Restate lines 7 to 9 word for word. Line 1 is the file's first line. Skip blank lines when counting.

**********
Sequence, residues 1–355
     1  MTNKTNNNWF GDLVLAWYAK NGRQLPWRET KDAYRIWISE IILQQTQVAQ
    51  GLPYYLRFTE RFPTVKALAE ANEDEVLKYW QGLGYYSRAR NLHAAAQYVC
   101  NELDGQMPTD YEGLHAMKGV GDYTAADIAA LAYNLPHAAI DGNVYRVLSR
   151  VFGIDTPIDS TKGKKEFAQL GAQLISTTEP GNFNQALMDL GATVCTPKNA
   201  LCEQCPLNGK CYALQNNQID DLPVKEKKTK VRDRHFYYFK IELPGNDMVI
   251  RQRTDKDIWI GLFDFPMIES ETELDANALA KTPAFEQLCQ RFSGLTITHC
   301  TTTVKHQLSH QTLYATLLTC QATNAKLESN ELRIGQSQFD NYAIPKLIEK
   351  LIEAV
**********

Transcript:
   251  RQRTDKDIWI GLFDFPMIES ETELDANALA KTPAFEQLCQ RFSGLTITHC
   301  TTTVKHQLSH QTLYATLLTC QATNAKLESN ELRIGQSQFD NYAIPKLIEK
   351  LIEAV